1. Hmmm . . .
    19 Jan '04
    27 Nov '13 00:234 edits
    Or the Zen De-Mystification

    I have been churning too many words on here of late. And I noted on the “Buddhism” thread that, with Zen, too much attempt at explanation can become counter-productive—the same might be said for poetry or music; at some point you can only get into the music by listening, without analyzing.

    But the most recent conversations led me to take a look again at Michael Murphy’s and Rhea White’s book In the Zone: Transcendent Experience in Sports. White compiled a pretty large database of athletes talking about being “in the Zone”. That phrase has become common in sports talk, and athletes go to sports psychologists for techniques to get into and sustain the Zone experience. And I suspect that some folks here are familiar with the term and the experience, and know what I mean (though definitions might be difficult).

    The language used by the athletes themselves, in describing their experiences, often parallels the language of mystics—and they are often embarrassed by it.* Most of them seem to understand that, underlying the psychological experiences (of such things as unity with the environment, deep unshakeable harmony, ecstasy) and some physical ones (e.g., light seems brighter, time seems slower, all senses clearer, etc.) are neuro-chemical processes. But technical knowledge does not seem to help them get into the Zone again.

    A number of the athletes talk about the diffuclty of repeating an experience that to them was profound. The Russian weight-lifter Yuri Vlasov called it the “white moment”, saying: “There is no more precious moment in life than this, the white moment, and you will work very hard for years just to taste it again.” [Murphy/White, p. 119, italics in original]

    “Many athletes have trouble recapturing peak moments in sport because they have difficulty incorporating them into the rest of their lives. John Brodie [former pro quarterback] described this problem: ‘ Football palyers and athletes generally get into this kind of being or beingness—call it what you will—more often than is generally recognized. But they often lose it after a game or a season is over. . . . They often don’t have a workable philosophy or understanding to support the kind of thing they get into while they are playing. They don’t have words for it.’” [Murphy/White, p. 118; my bold]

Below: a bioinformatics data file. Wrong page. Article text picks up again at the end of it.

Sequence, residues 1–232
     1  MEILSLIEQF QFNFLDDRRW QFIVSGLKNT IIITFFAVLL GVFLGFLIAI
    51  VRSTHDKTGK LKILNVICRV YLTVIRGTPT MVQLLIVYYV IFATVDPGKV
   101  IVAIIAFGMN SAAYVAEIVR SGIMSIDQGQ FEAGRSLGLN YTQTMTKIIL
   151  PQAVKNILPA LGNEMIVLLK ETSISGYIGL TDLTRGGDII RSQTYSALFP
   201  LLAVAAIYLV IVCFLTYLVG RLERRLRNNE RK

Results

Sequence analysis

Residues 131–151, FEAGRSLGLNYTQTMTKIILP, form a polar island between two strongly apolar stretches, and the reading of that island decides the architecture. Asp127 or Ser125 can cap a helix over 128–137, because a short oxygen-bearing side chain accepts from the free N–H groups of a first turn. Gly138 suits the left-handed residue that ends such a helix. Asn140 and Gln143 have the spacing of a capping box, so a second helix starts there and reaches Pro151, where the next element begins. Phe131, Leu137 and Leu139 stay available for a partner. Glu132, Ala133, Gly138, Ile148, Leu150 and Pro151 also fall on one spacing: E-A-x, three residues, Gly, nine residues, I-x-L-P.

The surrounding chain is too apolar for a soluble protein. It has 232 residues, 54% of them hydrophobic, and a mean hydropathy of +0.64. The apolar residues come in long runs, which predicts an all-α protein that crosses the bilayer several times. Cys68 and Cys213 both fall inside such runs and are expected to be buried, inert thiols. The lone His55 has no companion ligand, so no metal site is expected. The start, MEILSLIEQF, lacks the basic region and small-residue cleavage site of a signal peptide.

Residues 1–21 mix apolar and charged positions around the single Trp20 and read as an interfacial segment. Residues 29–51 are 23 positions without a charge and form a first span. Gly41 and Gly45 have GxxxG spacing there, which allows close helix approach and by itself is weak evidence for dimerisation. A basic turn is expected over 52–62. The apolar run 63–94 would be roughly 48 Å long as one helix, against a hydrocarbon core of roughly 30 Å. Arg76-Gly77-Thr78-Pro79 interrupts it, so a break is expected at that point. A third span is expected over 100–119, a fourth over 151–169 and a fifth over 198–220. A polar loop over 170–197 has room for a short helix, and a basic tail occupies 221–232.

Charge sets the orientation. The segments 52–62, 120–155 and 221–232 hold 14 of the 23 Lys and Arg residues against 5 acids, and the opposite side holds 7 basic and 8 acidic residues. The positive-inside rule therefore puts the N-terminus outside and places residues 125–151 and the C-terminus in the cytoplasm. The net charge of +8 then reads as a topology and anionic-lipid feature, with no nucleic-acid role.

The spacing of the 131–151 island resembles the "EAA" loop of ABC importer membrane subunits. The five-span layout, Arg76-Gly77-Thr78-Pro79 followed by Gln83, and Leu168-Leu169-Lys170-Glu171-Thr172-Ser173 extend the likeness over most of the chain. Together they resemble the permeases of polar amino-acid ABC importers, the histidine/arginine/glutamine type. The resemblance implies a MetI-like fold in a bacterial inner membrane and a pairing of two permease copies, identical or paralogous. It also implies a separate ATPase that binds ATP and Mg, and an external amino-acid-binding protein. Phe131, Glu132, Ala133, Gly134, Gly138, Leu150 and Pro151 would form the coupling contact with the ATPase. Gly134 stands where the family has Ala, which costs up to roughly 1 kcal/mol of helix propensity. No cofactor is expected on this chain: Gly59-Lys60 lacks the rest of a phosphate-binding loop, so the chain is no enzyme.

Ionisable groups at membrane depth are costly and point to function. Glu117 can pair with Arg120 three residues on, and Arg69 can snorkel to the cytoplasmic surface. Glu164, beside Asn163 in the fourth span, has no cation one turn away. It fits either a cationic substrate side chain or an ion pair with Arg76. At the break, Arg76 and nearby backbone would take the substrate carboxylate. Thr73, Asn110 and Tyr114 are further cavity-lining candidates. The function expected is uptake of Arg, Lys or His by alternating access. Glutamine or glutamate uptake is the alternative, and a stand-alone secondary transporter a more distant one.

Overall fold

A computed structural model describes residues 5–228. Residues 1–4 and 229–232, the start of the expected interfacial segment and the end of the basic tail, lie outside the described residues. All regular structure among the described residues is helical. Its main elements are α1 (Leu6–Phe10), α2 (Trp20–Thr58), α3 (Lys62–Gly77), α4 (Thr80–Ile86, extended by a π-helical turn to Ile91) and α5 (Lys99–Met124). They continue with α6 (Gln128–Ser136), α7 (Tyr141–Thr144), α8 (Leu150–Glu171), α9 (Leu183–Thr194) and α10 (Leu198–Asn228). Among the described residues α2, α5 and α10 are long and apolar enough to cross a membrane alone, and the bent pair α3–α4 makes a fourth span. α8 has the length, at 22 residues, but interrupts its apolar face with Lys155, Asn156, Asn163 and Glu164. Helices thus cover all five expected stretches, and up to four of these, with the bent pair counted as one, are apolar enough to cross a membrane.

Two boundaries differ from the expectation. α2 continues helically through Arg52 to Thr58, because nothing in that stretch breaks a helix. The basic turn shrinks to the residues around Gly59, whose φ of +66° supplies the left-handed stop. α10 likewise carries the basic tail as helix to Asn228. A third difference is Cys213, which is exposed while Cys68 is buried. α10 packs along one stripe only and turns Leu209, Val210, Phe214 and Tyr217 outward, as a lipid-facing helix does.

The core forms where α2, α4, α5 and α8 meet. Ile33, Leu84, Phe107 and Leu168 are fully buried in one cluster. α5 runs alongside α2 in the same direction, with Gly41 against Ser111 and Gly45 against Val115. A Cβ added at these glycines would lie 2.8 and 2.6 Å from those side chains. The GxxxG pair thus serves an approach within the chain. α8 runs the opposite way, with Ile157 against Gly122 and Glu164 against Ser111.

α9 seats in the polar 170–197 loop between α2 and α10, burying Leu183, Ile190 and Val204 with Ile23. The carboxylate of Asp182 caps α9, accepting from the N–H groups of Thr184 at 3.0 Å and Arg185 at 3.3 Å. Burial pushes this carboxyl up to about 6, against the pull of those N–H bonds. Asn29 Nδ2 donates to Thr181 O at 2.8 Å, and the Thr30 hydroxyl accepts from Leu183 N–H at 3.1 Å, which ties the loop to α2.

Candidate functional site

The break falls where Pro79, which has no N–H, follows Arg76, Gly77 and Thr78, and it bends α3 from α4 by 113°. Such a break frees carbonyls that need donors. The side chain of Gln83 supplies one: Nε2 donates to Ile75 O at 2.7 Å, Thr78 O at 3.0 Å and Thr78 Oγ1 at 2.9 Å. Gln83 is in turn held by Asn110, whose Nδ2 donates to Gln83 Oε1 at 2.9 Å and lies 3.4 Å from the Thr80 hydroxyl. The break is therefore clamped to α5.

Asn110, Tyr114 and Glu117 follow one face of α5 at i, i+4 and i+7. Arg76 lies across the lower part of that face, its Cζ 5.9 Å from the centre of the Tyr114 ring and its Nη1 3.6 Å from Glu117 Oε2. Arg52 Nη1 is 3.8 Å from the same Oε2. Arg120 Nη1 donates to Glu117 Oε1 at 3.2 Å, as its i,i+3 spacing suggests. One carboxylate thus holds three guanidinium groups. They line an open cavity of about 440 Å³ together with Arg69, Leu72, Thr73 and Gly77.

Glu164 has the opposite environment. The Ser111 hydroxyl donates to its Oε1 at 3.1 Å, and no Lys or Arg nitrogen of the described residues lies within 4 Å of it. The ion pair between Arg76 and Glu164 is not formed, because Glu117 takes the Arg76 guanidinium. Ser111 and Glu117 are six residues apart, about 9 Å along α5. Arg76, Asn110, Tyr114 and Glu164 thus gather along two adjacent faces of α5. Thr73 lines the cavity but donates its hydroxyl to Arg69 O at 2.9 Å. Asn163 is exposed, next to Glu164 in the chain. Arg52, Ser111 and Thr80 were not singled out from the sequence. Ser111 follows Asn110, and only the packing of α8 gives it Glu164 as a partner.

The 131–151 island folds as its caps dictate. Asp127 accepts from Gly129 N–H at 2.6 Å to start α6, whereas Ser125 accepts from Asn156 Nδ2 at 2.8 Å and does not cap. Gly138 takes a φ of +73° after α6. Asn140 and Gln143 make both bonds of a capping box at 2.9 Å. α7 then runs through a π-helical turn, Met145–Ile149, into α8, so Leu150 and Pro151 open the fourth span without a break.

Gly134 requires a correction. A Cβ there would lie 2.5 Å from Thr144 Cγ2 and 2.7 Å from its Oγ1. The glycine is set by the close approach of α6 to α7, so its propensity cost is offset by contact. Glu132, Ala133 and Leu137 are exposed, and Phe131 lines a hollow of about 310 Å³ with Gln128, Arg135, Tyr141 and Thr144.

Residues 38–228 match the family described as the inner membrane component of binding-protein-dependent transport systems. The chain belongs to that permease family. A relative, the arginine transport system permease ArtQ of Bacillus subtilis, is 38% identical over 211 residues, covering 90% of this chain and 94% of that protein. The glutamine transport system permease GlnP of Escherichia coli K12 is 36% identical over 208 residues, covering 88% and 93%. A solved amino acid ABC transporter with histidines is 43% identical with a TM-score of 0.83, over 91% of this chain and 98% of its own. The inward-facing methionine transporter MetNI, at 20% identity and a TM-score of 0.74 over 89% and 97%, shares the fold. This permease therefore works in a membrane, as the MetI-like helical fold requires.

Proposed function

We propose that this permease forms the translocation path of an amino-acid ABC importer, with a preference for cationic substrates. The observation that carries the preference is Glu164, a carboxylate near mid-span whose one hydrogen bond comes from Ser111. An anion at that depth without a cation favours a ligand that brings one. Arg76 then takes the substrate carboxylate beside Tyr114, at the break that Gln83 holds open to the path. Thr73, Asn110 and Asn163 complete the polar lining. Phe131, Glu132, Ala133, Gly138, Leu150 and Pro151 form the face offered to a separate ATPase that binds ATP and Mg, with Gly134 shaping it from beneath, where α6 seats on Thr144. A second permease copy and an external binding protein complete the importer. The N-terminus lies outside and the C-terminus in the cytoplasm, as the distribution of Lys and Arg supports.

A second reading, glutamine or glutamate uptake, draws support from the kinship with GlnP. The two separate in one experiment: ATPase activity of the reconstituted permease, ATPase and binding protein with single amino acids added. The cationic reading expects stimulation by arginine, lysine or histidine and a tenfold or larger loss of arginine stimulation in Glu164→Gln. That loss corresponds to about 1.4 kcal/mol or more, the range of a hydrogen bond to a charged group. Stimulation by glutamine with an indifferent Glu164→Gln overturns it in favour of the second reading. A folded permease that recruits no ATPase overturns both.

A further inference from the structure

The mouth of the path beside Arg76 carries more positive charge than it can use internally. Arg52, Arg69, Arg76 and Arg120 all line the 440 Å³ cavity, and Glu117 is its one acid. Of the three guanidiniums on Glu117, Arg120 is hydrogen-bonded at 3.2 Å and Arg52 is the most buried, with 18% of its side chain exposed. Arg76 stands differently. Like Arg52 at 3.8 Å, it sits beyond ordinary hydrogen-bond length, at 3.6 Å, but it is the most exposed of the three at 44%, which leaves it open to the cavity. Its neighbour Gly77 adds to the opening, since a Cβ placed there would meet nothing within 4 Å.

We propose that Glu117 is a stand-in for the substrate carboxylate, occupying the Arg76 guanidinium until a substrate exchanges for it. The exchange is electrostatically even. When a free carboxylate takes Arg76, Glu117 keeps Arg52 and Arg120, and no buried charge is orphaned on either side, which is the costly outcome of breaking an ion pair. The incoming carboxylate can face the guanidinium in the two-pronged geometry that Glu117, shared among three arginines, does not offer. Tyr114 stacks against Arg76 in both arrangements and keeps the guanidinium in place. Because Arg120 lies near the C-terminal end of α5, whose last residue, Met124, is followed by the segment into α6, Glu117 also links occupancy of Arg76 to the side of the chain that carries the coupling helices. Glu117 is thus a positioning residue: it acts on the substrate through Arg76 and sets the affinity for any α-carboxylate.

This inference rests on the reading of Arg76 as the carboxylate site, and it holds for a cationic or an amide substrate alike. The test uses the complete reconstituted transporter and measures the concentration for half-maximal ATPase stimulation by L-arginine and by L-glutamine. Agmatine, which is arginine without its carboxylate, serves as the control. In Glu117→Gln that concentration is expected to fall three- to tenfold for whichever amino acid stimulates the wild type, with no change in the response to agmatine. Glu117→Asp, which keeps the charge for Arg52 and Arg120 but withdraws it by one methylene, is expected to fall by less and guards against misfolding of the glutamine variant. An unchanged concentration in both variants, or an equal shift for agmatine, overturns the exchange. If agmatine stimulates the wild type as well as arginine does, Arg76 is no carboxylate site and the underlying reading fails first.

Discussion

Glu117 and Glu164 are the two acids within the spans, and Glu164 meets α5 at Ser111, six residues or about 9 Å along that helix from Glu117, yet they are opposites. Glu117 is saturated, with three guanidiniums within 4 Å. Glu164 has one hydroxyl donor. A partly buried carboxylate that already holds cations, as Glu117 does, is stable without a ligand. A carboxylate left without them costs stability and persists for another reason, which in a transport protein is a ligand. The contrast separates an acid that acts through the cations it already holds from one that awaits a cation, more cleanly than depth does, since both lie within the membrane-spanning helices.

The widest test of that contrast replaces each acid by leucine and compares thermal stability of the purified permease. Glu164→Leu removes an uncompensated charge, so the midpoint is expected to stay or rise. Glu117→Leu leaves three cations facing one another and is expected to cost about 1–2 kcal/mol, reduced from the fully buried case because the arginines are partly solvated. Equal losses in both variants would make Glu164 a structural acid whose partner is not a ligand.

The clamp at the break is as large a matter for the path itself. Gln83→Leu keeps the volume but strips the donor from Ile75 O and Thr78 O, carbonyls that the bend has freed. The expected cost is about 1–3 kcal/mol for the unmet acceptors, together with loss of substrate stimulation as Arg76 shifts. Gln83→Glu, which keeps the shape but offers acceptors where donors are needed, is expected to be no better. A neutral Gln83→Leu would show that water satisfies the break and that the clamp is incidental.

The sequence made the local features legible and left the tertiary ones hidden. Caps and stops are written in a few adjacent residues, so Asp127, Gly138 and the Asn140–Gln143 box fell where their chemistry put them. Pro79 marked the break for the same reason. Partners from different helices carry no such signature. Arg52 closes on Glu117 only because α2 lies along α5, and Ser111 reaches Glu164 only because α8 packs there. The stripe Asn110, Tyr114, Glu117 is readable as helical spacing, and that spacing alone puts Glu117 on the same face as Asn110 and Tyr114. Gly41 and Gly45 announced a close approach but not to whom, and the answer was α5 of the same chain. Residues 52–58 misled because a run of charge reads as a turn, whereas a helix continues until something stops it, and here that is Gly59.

Some athletes pursued such a “workable philosophy”, religious or not. Some turned to yoga or Zen. Some to psychology. The aim is pragmatic, not epistemological. In some martial arts, there can be a kind of embedded philosophy. Scottishinnz, a botanist (and atheist) who used to post on here learned of what his karate sensei called a “mu moment”. Mu is the Japanese word for negation: no or not. The “mu moment” referred to by Scotty comes from the Zen phrase mushin—generally translated as “no-mind” (made perhaps a bit famous in the Tom Cruise film “The Last Samurai” ). Scotty described it as just moving with the flow in a contest, without thinking, planning—without consciously “minding” what was going on. Then he did a perfect roundhouse kick, watched his opponent drop—and Scotty’s immediate spontaneous thought (the first conscious thought) was: “Wow, that was good. I wonder who that guy is?” And he meant it: he had forgotten his own identity and everything happened as if he were watching someone else do it. [The quote is as best as I can recall.]

    So, Zen is a supporting philosophy and a set of practices, and a set of aesthetics (because a “supporting aesthetics” can also help) for being in, and as much as possible living in—the Zone. That Zone, the exact one, in all its variability, that athletes talk about. Behind the symbols and metaphors (the lingo) are what Buddhists call “effective means”. But, for some of us, the aesthetics, too, become part of effective means.

    It is not the only one; it might be the best one for some, for others not at all; effective means for some, not for others.

    But for those who don’t want to talk about spirituality (or religion or myth, etc., etc.)—for people for whom such things do not support “effective means”—you might try a sports psychologist. Seriously.**

    But if the goal is to live into and in the Zone, then analysis of what it means doesn’t get one very far (and one can get lost in the details of analysis)—sooner or later one has to listen to (or play) the music, dance the dance, and just go deeper—into harmony, clarity, serenity, well-being. Into the Zone.

    Michael Jordan, talking about those fantastic hang times, said: “I never practice those moves. I don’t know how to do them.” [Murphy/White, p. 95]


    * Murphy talks about the parallels a lot, but I found just reading the athletes to be the most helpful.

    ** A few of them might even talk about Zen. Joseph Parent is a psychologist (and Zen Buddhist) who wrote a book called Zen Golf; in it he says that one of his most rewarding moments is when a student looks at him and says: "This isn't just about golf, is it Doc?"


    And now I’m going to take a hike for awhile. Too many words; I’m losing the “white moments”. I apologize if I have left any posts unanswered. Be well all. See ya on down the line.